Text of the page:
Julia Marlowe

Julia Marlowe

[mahr-loh]

Julia Marlowe (August 17, 1866November 12, 1950) was an English-born American actress known for her interpretations of William Shakespeare.

Life and career

Born Sarah Frances Frost near Keswick, Cumberland, England, to John Frost and Sarah (Strong) Hodgson. At the age of four her family emigrated to the United States. Her father who was an avid fan of local sports "fled to America in 1870 under the erroneous impression that he had destroyed a neighbor's eye by flicking a whip at him during a race. He changed his name to Brough and after first settling in Kansas he moved his family east to Portsmouth, Ohio and then Cincinnati.

Early career

Marlowe obtained the nickname of "Fanny" and in her early teens began her career in the chorus of a juvenile opera company. While touring with the company for nearly a year performing Gilbert and Sullivan's H.M.S. Pinafore, under the direction of Colonel Robert E. J. Miles (manager of the Cincinnati Opera House) she was given the part of Sir Joseph Porter. She later played in W. S. Gilbert's Pygmalion and Galatea.

Her training and initial success was due primarily to Miles's sister-in-law Ada Dow. Still in Cincinnati, Fanny played her first Shakespearean roles as Balthazar in Romeo and Juliet and as Maria in Twelfth Night she was billed as Fanny Brough. Soon after Ada Dow took Fanny to New York where for several years she received voice training by Parsons Price. Finished with the voice training she changed her name to Julia Marlowe. As an unknown, twenty-year old Marlowe was, at first, unable to get a Shakesperean role, but she was determined. Colonel Miles, the new manager of the New York Bijou Opera House, gave her the opportunity to play for two weeks on tour in New England. This gave Marlowe the repertoire she needed. On 20 October, 1887, her mother hired the Bijou for a matinee of Ingomar, in which Marlowe received acclaim which served as a stepping stone to Broadway.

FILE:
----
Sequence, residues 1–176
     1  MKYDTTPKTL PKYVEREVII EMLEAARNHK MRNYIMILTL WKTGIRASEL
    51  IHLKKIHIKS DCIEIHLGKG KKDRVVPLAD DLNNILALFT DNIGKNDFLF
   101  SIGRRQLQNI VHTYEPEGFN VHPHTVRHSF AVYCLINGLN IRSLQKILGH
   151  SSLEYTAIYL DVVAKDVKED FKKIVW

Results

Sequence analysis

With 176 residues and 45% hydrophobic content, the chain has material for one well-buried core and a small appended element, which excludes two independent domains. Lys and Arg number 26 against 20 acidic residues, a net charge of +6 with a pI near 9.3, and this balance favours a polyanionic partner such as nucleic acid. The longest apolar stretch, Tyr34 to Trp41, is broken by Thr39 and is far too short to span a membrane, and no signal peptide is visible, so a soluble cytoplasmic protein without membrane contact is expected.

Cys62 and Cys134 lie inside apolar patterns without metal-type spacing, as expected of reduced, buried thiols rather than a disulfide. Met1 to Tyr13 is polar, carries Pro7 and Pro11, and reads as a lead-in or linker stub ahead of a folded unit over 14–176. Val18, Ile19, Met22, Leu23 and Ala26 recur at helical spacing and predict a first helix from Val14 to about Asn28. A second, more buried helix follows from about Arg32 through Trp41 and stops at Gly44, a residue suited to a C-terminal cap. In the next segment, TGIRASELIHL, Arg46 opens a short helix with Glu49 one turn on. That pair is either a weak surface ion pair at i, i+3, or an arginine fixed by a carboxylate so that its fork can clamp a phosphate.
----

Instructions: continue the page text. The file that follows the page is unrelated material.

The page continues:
Broadway

She made her Broadway debut in 1895 and went on to appear in more than seventy Broadway productions, often starring with her second husband, Edward Hugh Sothern. Her first husband was Broadway actor Robert Taber who died im 1904. Their marriage lasted from 1894-1900. With Sothern she performed in Shakespearean repertoire in all parts of the United States retiring in the 1920s. Sothern performed in a number of silent films while Marlowe passed on film offers. After Sothern's death in 1933, Julia Marlowe became somewhat of a recluse. White haired and still beautiful she'd occasionally visit close friends like ailing playwright Edward Sheldon.

Julia Marlowe died in 1950 in New York City. She had no children.

References

Bibliography

  • Barry, John D. Julia Marlowe. Boston: R. G. Badger, 1899.
  • Russell, Charles Edward. Julia Marlowe, Her Life and Art. New York: D. Appleton and company, 1926.
  • Marlowe, Julia, and E. H. Sothern. Julia Marlowe's Story. New York: Rinehart, 1954.

External links

Search another word or see julia marloweon Dictionary | Thesaurus |Spanish
Copyright © 2014 Dictionary.com, LLC. All rights reserved.
  • Please Login or Sign Up to use the Recent Searches feature
FAVORITES
RECENT

;